Women in Argentina protest after alleged rape, murder of 16-year-old

Recent polls show security has replaced inflation as the top concern for Argentines, and Perez's case has spurred particular outrage.

By: Reuters | Buenos Aires | Published:October 20, 2016 12:24 am
Argentina, Argentina rape, Argentina teenager rape, Argentina teenager murder, murder, rape, Argentina protests, World news, Indian express news The Not One Less movement called a one-hour pause from work and study between 1 and 2 p.m. and many women in Argentina dressed in black to mark the occasion. (Source: AP)

Women across Argentina protested gender-related violence on Wednesday after a murder and alleged rape of a 16-year-old girl in a coastal town last week.

The group known as Not One Less organized the protests, which were also called in other Latin American countries, and expressed outrage over the death of Lucia Perez in Mar del Plata, as Argentina confronts a scourge of drug-related violence.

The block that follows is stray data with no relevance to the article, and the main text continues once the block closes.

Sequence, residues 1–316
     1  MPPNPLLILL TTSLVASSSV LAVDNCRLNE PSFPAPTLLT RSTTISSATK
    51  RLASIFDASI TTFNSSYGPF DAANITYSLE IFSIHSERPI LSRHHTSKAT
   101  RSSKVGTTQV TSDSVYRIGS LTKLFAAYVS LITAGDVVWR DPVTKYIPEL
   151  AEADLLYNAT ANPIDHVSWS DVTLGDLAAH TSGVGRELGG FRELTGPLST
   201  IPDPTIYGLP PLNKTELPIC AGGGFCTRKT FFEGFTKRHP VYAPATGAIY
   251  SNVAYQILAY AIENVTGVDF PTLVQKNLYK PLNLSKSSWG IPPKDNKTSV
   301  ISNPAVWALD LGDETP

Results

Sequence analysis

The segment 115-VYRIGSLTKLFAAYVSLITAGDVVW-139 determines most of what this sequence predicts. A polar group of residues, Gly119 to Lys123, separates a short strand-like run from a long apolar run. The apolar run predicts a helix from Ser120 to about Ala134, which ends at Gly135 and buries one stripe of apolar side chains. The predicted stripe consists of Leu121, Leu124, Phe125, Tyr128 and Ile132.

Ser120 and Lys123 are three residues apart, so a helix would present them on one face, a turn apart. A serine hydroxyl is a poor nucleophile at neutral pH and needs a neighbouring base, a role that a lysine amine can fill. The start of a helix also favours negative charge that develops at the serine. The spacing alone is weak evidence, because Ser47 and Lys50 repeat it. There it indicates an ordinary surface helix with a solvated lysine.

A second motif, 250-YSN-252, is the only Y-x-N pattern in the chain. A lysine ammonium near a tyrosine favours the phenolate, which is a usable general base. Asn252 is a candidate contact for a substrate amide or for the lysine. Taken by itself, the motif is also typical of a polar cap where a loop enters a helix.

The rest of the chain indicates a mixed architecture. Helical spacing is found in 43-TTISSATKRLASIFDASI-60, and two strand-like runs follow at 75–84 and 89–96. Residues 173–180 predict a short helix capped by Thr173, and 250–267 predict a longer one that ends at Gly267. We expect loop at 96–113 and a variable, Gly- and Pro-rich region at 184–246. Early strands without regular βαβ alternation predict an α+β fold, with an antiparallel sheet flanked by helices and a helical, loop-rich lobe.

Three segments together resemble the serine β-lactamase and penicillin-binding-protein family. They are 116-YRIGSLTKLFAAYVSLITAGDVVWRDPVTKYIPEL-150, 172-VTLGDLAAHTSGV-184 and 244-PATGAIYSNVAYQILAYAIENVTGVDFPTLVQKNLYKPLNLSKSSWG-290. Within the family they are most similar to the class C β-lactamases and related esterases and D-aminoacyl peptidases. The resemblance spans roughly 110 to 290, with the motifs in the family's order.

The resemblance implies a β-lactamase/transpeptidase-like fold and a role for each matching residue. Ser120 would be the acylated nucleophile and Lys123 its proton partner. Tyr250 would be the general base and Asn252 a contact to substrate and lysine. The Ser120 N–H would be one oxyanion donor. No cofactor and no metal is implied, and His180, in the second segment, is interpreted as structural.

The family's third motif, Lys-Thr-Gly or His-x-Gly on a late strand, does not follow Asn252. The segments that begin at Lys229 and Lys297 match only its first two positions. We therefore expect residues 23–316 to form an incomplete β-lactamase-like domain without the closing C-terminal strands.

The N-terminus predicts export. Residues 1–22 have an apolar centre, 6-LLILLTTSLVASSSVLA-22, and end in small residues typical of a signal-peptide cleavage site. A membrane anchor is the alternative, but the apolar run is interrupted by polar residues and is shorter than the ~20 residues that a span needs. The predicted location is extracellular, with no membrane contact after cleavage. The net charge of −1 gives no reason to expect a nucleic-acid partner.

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Recent polls show security has replaced inflation as the top concern for Argentines, and Perez’s case has spurred particular outrage.

Prosecutor Maria Isabel Sanchez told reporters last week that Perez was drugged with cocaine had suffered “inhumane sexual aggression” that triggered cardiac arrest.

“They washed her body and dressed her to make it look like an overdose,” she said.

Two men known for selling drugs outside a school were detained on Sunday and charged with rape followed by homicide.

A woman is killed once every 30 hours in Argentina, according to Permanent Assembly for Human Rights, an Argentine non-profit group.

President Mauricio Macri’s government has announced a new offensive against drug traffickers, sending federal troops to reinforce hot zones such as the port city of Rosario and Buenos Aires province, where Mar del Plata is located.

On Friday police found a threatening note aimed at popular Maria Eugenia Vidal, the governor of Buenos Aires province and Macri ally, in a burned down courthouse.

The Not One Less movement called a one-hour pause from work and study between 1 and 2 p.m. and many women in Argentina dressed in black to mark the occasion.

Local media reported Argentina’s Senate would end a session early on Wednesday so members could participate in a demonstration scheduled for 5 p.m. (2000 GMT) in Buenos Aires.